I Never Thought My Baby Could be in the NICU #nicuawarenessmonth
(Audio Version Below) For Ezekiel's birth I had a scheduled induction. Everything had been going great in my pregnancy, but because of his estimated size and the fact that Chris was deployed, my Doctor recommended a scheduled induction in the hopes that an actual date may be able to get Chris home. She had explained how the induction would go and estimated labor would be around 12 hours. Even after having a scheduled date, Chris was told he would not be flown home for the delivery. We were crushed but I had my plan B in place and was ready to go. A week before delivery, I received a phone call from Chris that he was coming home in 2 days, just five days before my scheduled induction. We got our miracle and we could not have been more excited.
The evening of my induction came and we arrived at the hospital. As I was checked into my room they began the process by inserting a dose of cervidil to soften my cervix and prepare me for what I had been told by my doctor, the insertion of a foley bulb. Eight doses of cervidil, 30 hours later, and only 1 centimeter dilated, I learned that the hospital was out of foley bulbs. I was frustrated at this point but thankfully a nurse made it happen and got me one from a different location after countless attempts. Once the foley bulb was placed, Ezekiel was here 12 hours later, as my Doctor had predicted. At hour 54 it was time to push and I was concerned how I would be able to do it as I was beyond exhausted. Less than an hour later Ezekiel arrived. Before arrival, the umbilical cord had torn from him and he came out not breathing. The peds team came rushing into my room and there was an atmosphere of panic. They quickly took him over to the warming table, and he began breathing. At this point I was not concerned. I saw him look at me when he was born and I knew everything would be fine. What I could not have anticipated was the week NICU stay that would follow.
Zeke's vitals were low and they were working to get them where they needed to be. I did not get the hospitals standard hour of skin-to-skin, and instead I was in and out of sleep, barely aware of what was happening in the room. A few hours later, we finally made it down to postpartum, but upon arriving, Zeke was taken to the NICU almost immediately as his vitals had dropped again. That evening as we were visiting in the NICU, his vitals returned to normal and they informed us that if they maintained throughout the night, they would bring him up to me in postpartum in the morning. It was almost like it was a sure thing. There was no doubt in the nurses mind. I was so exhausted that the reality of the NICU had not really set in yet and I was just looking forward to having my baby in my room with me. The next morning came and I was awoken by the lead RN from the NICU and Zeke was no where in sight and I remember feeling confused and scared. She let me know that a blister had appeared on his head overnight and that they would need to keep him to run a few tests. These tests unfortunately took a long time to gather.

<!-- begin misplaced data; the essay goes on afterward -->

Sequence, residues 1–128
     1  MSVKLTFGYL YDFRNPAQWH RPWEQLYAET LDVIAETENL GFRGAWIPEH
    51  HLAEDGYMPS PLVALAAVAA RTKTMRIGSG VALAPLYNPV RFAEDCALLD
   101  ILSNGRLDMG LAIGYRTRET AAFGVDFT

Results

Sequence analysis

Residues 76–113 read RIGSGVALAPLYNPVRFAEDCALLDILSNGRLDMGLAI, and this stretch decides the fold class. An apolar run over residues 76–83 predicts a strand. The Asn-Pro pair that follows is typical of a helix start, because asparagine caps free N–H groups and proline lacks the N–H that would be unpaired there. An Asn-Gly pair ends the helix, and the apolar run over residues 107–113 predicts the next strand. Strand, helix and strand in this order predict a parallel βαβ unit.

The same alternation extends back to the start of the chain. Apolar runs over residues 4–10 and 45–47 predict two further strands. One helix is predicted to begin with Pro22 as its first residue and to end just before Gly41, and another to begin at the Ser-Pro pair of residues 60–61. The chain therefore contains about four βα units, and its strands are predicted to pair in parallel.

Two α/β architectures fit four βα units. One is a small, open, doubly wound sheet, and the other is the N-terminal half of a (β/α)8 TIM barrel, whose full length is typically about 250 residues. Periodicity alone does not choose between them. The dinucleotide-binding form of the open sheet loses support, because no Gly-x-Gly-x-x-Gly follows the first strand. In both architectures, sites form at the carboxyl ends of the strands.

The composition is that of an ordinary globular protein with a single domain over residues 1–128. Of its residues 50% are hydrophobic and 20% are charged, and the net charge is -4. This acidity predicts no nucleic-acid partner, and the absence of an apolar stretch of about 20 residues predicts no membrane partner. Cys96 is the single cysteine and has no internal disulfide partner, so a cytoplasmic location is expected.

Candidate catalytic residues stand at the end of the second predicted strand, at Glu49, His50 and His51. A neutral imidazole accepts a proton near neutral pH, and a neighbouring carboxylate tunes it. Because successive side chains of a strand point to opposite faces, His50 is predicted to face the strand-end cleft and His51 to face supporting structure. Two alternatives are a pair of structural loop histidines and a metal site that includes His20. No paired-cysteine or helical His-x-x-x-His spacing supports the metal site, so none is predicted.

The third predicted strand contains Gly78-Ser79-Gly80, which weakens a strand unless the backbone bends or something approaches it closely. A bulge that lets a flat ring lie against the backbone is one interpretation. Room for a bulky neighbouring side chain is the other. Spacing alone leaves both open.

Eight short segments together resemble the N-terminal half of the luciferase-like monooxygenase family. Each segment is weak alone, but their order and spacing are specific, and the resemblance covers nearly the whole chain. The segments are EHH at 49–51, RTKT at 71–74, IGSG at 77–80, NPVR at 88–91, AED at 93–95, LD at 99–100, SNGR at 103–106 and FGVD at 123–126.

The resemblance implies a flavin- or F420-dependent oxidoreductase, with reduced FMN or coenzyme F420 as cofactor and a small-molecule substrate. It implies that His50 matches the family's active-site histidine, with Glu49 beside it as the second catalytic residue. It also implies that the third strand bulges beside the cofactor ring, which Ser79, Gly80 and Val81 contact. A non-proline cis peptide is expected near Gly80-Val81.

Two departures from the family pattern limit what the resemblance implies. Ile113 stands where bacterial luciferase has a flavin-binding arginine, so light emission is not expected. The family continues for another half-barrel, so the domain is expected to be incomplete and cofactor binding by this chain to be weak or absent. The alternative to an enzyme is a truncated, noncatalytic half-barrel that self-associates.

Zeke was completely healthy and every nurse that attended to him knew it. They were all shocked at the tests being ran and were sure the blister was from long labor. The RN was following protocol and made the decision that the tests were safest for him. Watching my precious newborn be pumped with countless antibiotics as mere precaution, was extremely difficult. Of course we were so blessed for his health as many around us did not have that same reality, although it did not make our stay easier. Two days later I was discharged and Chris and I left postpartum, without our baby. During my time in postpartum I watched mamas leave with their babies and it was celebratory. Nurses congratulating each family and their new baby as they left to go home. Our discharge was anything but celebratory. Going down the elevator with no baby in my arms, getting in the car with an empty car seat and a silent drive home. Chris and I just bawled in disbelief. We never thought this would be a part of our story. I never envisioned driving home from the hospital without my son. I felt an extraordinary amount of guilt leaving him there. When we got home I went upstairs to get some things to put in my diaper bag to bring back to the NICU and I was overcome with emotions. I fell to the floor in tears holding his clothes. No one told me this could happen. As silly as it sounds, I thought the NICU was only for premies. We had no issues in pregnancy and he looked amazing all throughout my labor. I never even thought about the NICU.